Artist in chains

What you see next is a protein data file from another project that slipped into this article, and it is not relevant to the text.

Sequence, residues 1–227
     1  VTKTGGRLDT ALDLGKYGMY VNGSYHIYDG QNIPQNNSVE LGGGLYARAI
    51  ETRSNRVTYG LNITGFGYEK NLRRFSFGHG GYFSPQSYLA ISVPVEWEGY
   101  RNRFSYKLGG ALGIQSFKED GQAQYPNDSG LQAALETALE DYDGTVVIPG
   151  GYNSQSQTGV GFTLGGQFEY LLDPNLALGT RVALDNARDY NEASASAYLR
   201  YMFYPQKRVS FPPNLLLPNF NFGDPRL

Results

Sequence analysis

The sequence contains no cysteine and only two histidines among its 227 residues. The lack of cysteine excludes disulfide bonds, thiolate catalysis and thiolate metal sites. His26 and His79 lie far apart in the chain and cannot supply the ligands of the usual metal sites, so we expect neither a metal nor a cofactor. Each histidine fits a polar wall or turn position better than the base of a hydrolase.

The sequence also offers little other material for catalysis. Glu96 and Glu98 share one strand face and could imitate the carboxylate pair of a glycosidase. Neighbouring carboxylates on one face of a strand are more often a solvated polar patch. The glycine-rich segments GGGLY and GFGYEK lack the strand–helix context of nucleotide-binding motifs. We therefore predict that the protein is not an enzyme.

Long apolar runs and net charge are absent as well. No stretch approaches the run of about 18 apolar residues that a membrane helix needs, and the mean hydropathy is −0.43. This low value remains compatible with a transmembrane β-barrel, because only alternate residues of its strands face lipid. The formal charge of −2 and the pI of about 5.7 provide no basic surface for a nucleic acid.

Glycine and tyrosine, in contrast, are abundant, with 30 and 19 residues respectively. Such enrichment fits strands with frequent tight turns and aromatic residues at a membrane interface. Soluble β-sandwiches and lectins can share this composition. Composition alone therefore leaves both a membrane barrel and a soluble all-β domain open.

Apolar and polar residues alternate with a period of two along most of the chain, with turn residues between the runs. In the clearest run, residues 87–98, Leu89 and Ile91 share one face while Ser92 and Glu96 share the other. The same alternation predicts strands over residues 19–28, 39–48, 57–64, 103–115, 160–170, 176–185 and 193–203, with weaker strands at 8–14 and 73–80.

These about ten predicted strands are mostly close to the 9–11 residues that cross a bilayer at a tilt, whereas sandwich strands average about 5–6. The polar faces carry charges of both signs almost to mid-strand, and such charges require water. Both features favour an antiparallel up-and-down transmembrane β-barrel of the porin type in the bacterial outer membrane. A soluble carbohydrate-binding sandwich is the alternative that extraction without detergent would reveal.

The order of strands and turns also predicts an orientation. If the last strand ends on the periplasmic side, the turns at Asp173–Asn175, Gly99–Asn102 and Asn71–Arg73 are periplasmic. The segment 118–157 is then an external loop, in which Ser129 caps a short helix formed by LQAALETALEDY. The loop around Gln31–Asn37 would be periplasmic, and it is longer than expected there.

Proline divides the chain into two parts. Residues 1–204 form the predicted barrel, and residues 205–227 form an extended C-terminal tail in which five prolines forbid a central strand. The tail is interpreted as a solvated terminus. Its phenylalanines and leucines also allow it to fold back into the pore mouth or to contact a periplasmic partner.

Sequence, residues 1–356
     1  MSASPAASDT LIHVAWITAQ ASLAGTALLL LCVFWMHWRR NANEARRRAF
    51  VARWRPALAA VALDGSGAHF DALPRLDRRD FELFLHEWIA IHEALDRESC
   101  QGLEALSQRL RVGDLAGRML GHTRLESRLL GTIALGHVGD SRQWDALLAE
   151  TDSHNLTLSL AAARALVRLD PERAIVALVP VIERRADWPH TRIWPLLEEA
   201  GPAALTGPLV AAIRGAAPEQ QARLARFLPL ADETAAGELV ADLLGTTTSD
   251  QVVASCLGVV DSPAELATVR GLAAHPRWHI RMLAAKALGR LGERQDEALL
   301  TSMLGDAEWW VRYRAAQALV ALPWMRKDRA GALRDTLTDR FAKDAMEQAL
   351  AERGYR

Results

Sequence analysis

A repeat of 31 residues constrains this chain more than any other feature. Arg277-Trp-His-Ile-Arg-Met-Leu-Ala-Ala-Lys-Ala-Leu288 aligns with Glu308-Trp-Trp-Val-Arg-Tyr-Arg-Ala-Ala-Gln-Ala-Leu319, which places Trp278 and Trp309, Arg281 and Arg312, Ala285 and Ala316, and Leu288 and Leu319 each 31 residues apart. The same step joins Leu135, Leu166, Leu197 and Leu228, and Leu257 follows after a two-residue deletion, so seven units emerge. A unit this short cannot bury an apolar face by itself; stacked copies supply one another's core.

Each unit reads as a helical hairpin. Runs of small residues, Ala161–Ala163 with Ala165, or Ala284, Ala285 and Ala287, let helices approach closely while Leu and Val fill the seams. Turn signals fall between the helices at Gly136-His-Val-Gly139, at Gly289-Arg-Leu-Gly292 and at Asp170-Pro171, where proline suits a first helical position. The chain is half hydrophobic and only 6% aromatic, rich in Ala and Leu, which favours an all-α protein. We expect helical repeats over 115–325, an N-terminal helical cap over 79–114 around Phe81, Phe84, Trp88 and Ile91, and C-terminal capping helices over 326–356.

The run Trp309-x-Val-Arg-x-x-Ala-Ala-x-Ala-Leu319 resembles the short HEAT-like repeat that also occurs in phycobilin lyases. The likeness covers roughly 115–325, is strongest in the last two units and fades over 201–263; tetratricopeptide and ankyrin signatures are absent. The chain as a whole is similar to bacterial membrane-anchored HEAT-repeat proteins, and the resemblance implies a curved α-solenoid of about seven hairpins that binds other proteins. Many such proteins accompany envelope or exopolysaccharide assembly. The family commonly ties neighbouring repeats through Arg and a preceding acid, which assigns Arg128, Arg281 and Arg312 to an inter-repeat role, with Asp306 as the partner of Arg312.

The Czech playwright Václav Havel (1936-2011) was a well-known political dissident artist and a prominent participant in the liberal reforms of the Prague Spring (1968). After the Soviet clampdown on Czechoslovakia that year, his plays were banned. The Communist block was proud of its cultural achievements and used the traditional arts as propaganda – more progressive works were usually banned or censored. Havel used the absurdist style in works such as The Garden Party and The Memorandum (1965) to critique the communism. During the 1970s and ‘80s he was repeatedly arrested. He served four years in prison (1979-1983) for his activities on behalf of human rights. During the massive anti-government demonstrations erupted in Prague in November 1989, known as the Velvet Revolution, Havel became the leading figure in the Civic Forum, a new coalition of non-communist opposition groups pressing for democratic reforms. The Forum had a very loose structure. Most of its leaders came from members of the Charter 77 dissident movement. The Communist Party capitulated and formed a coalition government with the Civic Forum. After the fall of communism Havel was president of Czechoslovakia (1989-92) and of the Czech Republic (1993-2003).